Before Max Scherzer and Jacob deGrom, these pitching duos ruled New York

Mets fans will have to wait to see Max Scherzer and Jacob deGrom together, with deGrom’s stress response in his right shoulder blade expected to sideline him for about two months. But if both are healthy this season, they could join this group of the best ever in New York City. Call them the Fine Nine:

1. Christy Mathewson/Joe McGinnity, Giants, 1903-06

Seen through the prism of modern sport, the numbers are hard to believe, almost caricatural. But McGinnity won 31, 35, 21 and 27 (with a 2.26 ERA) games over those four years… and was a clear No. 2 on his own staff for the Big Six, going 30, 33, 31 and 22 won (with a 2.09 ERA).

2. Tom Seaver/Jerry Koosman, Mets, 1968-76

Seaver may have been The Franchise (with a 182-107 record, a 2.47 ERA, and three Cy Youngs). But Koosman (129-100, 2.94) showed up in 1968 and immediately won 19 games, and despite being plagued by chronic arm problems, that right-left combo kept many Mets teams afloat with mediocre offenses.

Tom Seaver and Jerry Koosman
Tom Seaver (left) and Jerry Koosman helped the Mets win the 1969 World Series.
Bettmann Archive

3. Lefty Gomez/Red Ruffing, Yankees, 1936-39

The Yankees were an offensive juggernaut, winning four straight championships averaging 102 wins over those years, but they also threw two Hall of Famers every four days in Ruffing (82-33, 3.29 ERA) and Gomez 64-38 , 3.27).

4. Christy Mathewson/Rube Marquard, Giants, 1911-13

Mathewson, now in his early 30s, wasn’t quite as dominant as he was a decade earlier, but still went 74-36 with a 2.06 ERA. He was joined by young Fireballer Marquard, who went 73-28, 2.52 and led the league in 1911 with 237 strikeouts.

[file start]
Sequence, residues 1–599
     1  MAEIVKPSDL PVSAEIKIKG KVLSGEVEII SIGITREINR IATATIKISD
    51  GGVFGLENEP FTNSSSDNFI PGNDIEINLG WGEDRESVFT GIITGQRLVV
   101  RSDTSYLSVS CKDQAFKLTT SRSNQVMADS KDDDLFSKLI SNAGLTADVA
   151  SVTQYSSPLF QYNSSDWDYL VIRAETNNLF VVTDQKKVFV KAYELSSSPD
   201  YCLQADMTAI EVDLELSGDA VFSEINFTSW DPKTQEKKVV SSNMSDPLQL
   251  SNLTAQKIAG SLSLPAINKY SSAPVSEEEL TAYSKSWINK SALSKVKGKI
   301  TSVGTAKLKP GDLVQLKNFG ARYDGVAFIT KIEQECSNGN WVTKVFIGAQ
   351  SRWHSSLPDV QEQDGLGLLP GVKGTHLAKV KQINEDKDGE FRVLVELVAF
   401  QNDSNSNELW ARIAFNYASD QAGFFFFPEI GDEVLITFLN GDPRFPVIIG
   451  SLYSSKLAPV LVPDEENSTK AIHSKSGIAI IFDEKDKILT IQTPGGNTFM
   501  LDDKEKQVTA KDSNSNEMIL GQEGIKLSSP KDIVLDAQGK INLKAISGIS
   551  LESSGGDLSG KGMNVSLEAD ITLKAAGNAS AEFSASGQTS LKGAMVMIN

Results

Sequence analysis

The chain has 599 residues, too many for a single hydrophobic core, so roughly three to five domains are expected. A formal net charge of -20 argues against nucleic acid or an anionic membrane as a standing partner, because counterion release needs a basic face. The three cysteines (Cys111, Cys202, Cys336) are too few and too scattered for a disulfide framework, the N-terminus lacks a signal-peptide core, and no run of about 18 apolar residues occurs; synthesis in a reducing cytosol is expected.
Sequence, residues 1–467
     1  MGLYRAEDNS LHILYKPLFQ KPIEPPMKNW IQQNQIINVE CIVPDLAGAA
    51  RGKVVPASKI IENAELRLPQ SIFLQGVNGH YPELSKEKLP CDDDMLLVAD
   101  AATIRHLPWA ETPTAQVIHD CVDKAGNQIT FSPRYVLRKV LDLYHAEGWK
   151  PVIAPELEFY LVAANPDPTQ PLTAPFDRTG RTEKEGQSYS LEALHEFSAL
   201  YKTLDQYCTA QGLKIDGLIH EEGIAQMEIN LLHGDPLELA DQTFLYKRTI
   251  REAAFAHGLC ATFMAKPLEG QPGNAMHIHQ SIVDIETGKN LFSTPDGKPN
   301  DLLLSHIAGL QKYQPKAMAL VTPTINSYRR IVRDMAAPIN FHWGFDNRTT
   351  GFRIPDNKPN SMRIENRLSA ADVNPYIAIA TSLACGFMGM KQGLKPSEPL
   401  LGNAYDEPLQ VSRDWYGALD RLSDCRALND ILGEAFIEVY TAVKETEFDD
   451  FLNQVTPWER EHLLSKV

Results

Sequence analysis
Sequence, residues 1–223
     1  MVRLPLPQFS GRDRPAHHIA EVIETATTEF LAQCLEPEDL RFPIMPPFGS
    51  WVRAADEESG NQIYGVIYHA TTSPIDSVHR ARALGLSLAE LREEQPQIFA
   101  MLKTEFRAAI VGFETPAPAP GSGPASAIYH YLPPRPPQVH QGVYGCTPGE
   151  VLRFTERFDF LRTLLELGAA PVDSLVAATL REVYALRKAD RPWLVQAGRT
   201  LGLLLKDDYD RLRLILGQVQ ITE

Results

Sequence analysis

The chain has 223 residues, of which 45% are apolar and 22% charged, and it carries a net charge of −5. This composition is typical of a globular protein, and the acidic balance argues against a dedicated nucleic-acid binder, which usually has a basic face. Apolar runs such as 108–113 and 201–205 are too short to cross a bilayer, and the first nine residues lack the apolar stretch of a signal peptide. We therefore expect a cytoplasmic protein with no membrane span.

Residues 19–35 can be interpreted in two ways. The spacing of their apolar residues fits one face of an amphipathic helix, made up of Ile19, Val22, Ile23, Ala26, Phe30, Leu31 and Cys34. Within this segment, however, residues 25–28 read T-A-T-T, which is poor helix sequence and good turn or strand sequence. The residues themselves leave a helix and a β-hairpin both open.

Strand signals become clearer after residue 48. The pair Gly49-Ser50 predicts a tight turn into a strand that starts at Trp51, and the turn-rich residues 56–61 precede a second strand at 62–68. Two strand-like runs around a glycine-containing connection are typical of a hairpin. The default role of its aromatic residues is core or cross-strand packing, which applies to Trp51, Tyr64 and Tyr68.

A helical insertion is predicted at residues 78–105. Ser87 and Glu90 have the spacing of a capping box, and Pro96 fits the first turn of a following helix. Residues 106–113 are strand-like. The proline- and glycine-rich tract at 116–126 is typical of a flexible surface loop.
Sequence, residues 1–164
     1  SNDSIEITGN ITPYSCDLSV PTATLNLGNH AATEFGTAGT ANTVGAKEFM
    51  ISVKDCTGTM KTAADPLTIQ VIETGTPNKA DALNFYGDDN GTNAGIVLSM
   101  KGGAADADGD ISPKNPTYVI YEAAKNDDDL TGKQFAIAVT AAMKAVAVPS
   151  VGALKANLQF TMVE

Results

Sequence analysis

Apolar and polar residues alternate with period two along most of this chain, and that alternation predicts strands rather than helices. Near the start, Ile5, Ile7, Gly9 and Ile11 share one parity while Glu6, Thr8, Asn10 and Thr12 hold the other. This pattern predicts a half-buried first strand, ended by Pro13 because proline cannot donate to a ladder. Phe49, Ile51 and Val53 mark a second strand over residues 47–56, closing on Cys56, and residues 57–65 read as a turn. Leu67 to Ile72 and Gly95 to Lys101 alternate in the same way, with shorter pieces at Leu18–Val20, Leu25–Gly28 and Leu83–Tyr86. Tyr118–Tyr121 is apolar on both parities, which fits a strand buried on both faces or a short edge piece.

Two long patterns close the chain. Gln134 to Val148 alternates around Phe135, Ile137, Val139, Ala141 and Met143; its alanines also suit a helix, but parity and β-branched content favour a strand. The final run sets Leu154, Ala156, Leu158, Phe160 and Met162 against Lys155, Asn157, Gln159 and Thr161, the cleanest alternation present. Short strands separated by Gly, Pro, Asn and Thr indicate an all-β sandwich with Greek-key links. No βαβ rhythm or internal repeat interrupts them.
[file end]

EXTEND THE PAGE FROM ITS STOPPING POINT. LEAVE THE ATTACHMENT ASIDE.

5. Dwight Gooden/Ron Darling, Mets, 1984-91

In many ways this mimicked the Seaver/Koosman dynamic. Darling never quite got close to Gooden from prime (132-53 in their years together), but still went 99-70, and in the storied 1986 season he actually finished higher in the Cy Young vote (fifth) than Gooden (seventh).

6. Don Newcombe/Sal Maglie, Dodgers, 1956

Jacob deGrom Max Scherzer
Jacob deGrom and Max Scherzer will attempt to recreate the double strikes of legendary Mets teams.
Mike Stobe/Getty Images; Mark Brown/Getty Images

Newk’s best year (27-7, 3.06 ERA, .989 WHIP) culminated in a Cy Young/MVP parlay at age 30. And for a year, he joined former Dodgers antagonist Maglie, who went with a 2.97 ERA and 13-5 to finish second in both categories.

7. Whitey Ford/Ralph Terry, Yankees, 1961-63

Ford was the ace and the confident face of these Yankees teams. He posted a 66-19 record during those years, including 61’s Cy Young when he was 25-4. But Terry was a No. 2 Bulldog who led the AL in two of those years while going 56-40.

8. Ron Guidry/Tommy John, Yankees, 1979-80

Guidry was so dominant in 1978 that his 18-8/2.78 season is all but forgotten a year later, but it was good enough for third place in the Cy Young poll. Second? That was John in his freshman year as a Yankee, who was 21-9 with a 2.96 ERA. Also in 1980 the two achieved 39 victories together.

9. David Wells/David Cone, Yankees, 1998

The 114-win Yankees excelled at everything and had most of the season thanks to Wells, whose 18-4/3.49 included a perfect game, and Cone, who went 20-7/3.55 and won 20 games two-headed ace a decade after I first did this. They finished 3-4 in the Cy Young poll. Before Max Scherzer and Jacob deGrom, these pitching duos ruled New York


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